Do you smell that? That’s excitement in the air. The rain has stopped, the weekend forecast is calling for sunny skies, and Strictly Sail Pacific is open through Sunday. No wonder Bay Area sailors are excited — there’s really no better place than the boat show to catch up with your sailing buddies, score some killer deals on gear you need, and leave your DNA (in the form of drool, thank you) all over some pretty spectacular boats.
Take your pick of more than 100 free seminars — including ‘Banjo Andy’ Turpin’s ‘Baja Ha-Ha How-To’ today and tomorrow at 2:15 p.m., and ‘Cruising Tahiti & the Pacific Puddle Jump’ tomorrow at 3:30 p.m., both in seminar room D — or take advantage of the advanced seminars put on by John Neal & Amanda Swan-Neal, Jimmy Cornell and weather guru Lee Chesneau.
If you’re going to pick just one day to attend the show, we’d highly recommend it be today. Not only will the crowds be a little lighter than over the weekend, but you’ll have the chance to attend the Circumnavigator’s Round Table at 3:30 p.m. in Room D. Moderated by Managing Editor Andy Turpin, the panel of nine circumnavigators — Clifford Cain, Hans Bernwall, Paul & Susan Mitchell, Mark Schrader, Anne Crowley, Uwe & Kara Dobers, and Capt. Richard Hewson — will share their insights on tackling such a journey. Shortly after the discussion ends, head on over to the Latitude 38 booth (#219) for some free beer and wine at our annual Baja Ha-Ha, Pacific Puddle Jump and Delta Doo Dah Reunion Party. Wannabes are welcome to join us till the booze runs out!
Hopefully you’ll return tomorrow to help send off the 10-boat Clipper Round the World Race fleet in style at 10:30 a.m. when they leave the show docks bound for New York on Leg 7. (If you’ll be on the water tomorrow, then for goodness sake, escort them out the Gate!) Then stick around to catch some more seminars, find some more must-have gear, and discover what you missed on your first walk-through — trust us, there’s never enough time to see it all in just one day.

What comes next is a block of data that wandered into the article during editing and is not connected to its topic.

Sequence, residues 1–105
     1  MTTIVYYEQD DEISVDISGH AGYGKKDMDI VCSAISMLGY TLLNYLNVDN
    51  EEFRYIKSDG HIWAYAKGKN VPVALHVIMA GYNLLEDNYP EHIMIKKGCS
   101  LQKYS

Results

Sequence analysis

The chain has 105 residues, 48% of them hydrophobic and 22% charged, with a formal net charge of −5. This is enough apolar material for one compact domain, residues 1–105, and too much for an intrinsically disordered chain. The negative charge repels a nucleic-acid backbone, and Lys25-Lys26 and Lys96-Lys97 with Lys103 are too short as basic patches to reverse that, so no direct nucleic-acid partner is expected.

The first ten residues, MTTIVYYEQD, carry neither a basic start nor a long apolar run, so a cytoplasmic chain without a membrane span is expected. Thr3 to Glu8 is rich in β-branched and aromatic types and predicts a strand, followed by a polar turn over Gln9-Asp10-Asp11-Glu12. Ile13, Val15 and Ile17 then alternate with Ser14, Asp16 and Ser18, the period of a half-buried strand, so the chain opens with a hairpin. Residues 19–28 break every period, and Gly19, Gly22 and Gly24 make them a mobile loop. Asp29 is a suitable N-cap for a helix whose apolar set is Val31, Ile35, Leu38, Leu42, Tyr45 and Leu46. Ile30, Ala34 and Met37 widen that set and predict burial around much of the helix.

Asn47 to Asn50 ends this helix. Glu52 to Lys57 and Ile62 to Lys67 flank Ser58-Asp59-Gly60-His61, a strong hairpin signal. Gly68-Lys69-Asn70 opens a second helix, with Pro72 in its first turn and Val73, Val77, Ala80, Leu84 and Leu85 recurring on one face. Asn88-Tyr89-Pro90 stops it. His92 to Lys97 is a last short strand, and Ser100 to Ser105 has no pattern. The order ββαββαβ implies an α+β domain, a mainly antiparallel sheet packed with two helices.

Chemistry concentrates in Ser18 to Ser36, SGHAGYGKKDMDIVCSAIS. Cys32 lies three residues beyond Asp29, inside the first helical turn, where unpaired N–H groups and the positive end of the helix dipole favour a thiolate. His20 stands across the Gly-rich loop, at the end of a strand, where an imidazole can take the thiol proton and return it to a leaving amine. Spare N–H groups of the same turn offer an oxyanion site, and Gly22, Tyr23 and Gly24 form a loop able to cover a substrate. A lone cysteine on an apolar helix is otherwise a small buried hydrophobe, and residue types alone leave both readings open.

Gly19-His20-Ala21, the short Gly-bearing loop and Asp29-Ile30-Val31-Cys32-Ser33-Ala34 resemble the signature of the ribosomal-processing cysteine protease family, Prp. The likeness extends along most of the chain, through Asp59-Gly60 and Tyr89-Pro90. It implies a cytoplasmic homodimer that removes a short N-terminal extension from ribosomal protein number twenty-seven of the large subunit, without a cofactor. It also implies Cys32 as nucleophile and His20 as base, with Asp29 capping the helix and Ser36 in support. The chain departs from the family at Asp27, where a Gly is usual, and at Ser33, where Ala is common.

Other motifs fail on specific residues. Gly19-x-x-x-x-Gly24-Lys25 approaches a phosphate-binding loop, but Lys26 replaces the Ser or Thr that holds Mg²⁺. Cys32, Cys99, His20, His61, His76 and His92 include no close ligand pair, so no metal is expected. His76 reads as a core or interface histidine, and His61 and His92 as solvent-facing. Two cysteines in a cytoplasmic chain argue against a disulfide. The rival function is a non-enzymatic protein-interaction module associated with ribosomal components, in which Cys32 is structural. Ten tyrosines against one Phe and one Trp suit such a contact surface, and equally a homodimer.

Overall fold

To make a return visit just a little less painful, be sure to buy your tickets in advance using this link for a $3 discount (or $5 for VIP tickets). If you go through the show’s website, you can also use the coupon code LAT38 to get the same savings. See you at the show!
An action-packed weekend is in store for racers on San Francisco Bay, Folsom Lake, and Lake Tahoe. Sign-ups are still open for Sausalito YC’s Women Skippers Regatta on Saturday. The day starts with continental breakfast and a 9 a.m. skippers’ meeting, continues with three races starting at 11, and concludes with a barbecue, free wine and beer, live music, and awards following the regatta. See www.sycsailing.org/WSR.html for info.
The Yacht Racing Association’s ocean series continues on Saturday with the full-crew Farallones Race. Registration for this one is closed, but you can check out OYRA racing at www.yra.org/OYRA.
Tiburon YC invites all local boats to sail in tomorrow’s Don Wan Regatta. Those who are new to racing are welcome. See www.tyc.org.
The Bullship Regatta for adult El Toro sailors takes the 8-ft boats from Sausalito to San Francisco tomorrow morning. See www.eltoroyra.org.
Richmond YC’s Big Dinghy will be the big two-day event for small boats, with buoy racing on Saturday and a pursuit race on Sunday using Portsmouth ratings. Another two-day event, the Camellia Cup is hosted by Folsom Lake YC.
The Tahoe connection? Lasers and Vanguard 15s from all over the region will converge on Tahoe City for Ski/Sail 2012, with sailing on Saturday followed by downhill ski racing on fresh snow at Squaw Valley on Sunday. See www.skisail.com.
But wait – there’s more! Check out our Calendar for the rest of the list.
Never let it be said that this year’s edition of the Volvo Ocean Race has been dull. It began with boats breaking, and the current leg is ending with boats limping into Itajai, Brazil.
Team Sanya and Abu Dhabi Racing quit the leg with damage to their boats. Camper and Telefonica had to stop and make repairs before continuing. That left a match race between Groupama and Puma, and with only days to go to the finish, Groupama inexplicably broke their mast and had to suspend racing. So with Puma the last boat standing, it looked like an easy win. But Telefonica’s crew were able to make repairs and resume sailing — within 12 hours — in perfect catch-up conditions, charged back and threatened to pass Puma. In the end Puma was able to hold off Telefonica to finish first by only 23 minutes. But don’t count the French out, as the Groupama team jury-rigged the boat and were able to finish on the podium in third.
The brutal Leg 5 of the Volvo Ocean Race is drawing to a close as Camper has passed Cape Horn and is a little more than 1,000 miles from the finish at Itajai. And while grumbling about the fragility of the boats continues, it seems the boats would probably fare better if this edition of the race didn’t have the most talent so far. “The race has become so competitive," said Puma’s skipper Ken Read, "that it forces us to push harder in conditions which we would traditionally not normally have pushed.” See www.volvooceanrace.com.
In America’s Cup news . . . well, it’s not really the America’s Cup, but in AC World Series news, the AC45s are back racin’ and rubbin’ in Naples, Italy. Day one of fleet racing saw very San Francisco-like conditions with 20-25 knots of wind and choppy water. The weather has calmed down, and after three days of racing Team New Zealand is in first with Oracle Racing Spithill close behind in second. To follow the action, go to www.americascup.com.